@ trag - ISTR you saying that the FRP Copper Clad from the likes of CrapShack was too thick for your IIfx RAM SIMMs and that gamba had to file them down to get them to fit. I was thinking about running a linearly ganged set of blanks across my router table to remove that excess thickness before etching. I'm assuming that this should be done across the component side, just far enough back so as to clear the slot? Should it be done to the back side instead? Do you recall the thickness differential?

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Here's an article about modding the ROM SIMM's sockets for installation: Installing a PLCC EEPROM Socket onto a MOBO

 

That article describes *exactly* what I do to the PLCC sockets on the 2 MB SIMM :-) I did experiment briefly with solder paste and leaving the bottom of the socket intact, but that didn't end up working out. I suppose in a toaster oven it would have worked, but I haven't played extensively with the toaster oven soldering yet. I did get a thermocouple to monitor temperatures and tried unsuccessfully to reflow an iMac MXM graphics card from a 2008 Aluminum iMac, so I have the tools, but toaster oven soldering is something for the future...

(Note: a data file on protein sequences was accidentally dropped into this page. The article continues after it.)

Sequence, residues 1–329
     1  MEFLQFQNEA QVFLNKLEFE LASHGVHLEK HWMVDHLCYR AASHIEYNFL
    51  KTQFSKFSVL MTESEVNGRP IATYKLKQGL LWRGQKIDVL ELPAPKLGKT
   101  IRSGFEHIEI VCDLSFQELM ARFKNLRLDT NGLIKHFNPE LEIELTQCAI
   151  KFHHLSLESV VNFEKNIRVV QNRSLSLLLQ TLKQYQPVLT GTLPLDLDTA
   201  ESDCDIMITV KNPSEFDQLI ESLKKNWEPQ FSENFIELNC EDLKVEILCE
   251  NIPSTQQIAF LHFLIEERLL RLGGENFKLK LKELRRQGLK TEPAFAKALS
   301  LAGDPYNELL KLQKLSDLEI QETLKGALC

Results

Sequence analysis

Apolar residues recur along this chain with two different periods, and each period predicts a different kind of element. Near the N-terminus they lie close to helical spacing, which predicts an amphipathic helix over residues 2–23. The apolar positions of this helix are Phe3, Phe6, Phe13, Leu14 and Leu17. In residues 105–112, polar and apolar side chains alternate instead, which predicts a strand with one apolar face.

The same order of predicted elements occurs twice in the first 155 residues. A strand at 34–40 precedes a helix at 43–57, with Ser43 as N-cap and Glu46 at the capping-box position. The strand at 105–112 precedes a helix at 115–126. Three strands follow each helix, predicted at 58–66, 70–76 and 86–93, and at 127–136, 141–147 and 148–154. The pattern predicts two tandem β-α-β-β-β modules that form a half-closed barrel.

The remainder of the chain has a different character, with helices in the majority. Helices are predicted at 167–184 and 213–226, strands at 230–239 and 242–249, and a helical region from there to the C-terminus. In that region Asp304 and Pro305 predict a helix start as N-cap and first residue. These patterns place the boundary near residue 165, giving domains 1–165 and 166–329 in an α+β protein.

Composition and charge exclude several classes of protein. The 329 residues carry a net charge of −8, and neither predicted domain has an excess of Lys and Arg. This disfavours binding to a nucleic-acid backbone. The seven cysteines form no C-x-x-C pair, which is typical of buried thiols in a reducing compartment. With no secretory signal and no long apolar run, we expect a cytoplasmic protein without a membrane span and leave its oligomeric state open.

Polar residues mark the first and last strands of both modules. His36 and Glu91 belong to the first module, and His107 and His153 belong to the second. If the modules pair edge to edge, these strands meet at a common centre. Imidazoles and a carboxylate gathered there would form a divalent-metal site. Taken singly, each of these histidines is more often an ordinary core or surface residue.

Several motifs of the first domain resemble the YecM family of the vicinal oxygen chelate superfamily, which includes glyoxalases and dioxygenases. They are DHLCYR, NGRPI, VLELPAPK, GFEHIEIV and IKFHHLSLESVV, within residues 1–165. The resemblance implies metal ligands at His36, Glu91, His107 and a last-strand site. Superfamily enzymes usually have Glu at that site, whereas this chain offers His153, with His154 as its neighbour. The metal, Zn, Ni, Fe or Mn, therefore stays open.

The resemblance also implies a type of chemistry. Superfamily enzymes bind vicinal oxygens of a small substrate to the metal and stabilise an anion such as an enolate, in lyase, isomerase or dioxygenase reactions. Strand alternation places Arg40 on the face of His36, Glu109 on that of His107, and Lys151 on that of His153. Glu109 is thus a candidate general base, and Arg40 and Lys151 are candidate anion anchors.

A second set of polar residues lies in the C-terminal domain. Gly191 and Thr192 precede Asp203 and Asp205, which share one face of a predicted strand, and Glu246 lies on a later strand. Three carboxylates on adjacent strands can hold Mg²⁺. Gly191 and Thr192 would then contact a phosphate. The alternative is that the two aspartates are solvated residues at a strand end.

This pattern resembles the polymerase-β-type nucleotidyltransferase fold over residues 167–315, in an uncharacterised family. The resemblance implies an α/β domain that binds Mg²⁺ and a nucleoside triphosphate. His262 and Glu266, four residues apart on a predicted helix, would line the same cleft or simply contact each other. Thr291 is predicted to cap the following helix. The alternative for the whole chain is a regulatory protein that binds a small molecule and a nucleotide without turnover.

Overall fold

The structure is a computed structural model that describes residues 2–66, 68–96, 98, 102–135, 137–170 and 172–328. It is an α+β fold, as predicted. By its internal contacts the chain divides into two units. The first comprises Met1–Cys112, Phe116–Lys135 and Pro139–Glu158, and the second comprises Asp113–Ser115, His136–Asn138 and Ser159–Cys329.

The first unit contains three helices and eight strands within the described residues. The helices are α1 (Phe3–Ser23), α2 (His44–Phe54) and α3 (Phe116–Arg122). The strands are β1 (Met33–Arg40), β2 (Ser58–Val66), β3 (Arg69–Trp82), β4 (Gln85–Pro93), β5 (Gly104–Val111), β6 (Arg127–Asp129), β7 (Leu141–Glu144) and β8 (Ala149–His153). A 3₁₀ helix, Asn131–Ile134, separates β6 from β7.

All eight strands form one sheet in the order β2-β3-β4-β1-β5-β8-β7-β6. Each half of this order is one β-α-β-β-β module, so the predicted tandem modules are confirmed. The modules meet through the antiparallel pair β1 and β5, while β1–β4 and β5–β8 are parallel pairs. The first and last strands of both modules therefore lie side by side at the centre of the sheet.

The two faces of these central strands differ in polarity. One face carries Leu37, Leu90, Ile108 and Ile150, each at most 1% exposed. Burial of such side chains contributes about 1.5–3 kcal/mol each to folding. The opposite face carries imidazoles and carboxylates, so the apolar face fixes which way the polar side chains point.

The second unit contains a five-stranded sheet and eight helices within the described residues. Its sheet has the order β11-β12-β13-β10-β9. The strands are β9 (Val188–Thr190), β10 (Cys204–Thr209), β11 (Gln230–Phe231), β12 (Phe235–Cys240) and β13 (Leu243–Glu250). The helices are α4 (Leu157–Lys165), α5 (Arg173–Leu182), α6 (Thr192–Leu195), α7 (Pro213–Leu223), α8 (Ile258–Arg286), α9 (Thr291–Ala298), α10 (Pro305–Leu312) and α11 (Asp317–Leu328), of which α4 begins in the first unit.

Does this sound doable in the SIMM Slot of your programmer, DQ?

 

If you wire the sockets up to one of the four available bytes (D0-D7, D8-D15, D16-D23, or D24-D31) it should work just fine. It will need firmware and software support, but I can definitely make it work. If at all possible, please use D16-23 or D24-31 -- those two bytes are connected directly to the SIMM programmer's AVR, which would bypass the need for the (relatively) slow SPI communication to the GPIO expander chip (which is in control of D0-D7 and D8-D15). In other words, I could flash the chip MUCH faster than I can now if you use D16-23 or D24-31. Wire the address pins of the sockets starting at A2, just like I have done on my SIMM -- A0 and A1 which are on SIMM pins 2 and 3 are unused, and the chip's A0 connects to the SIMM A2, and so on. If you do that, it should definitely work with some simple changes to the firmware and software.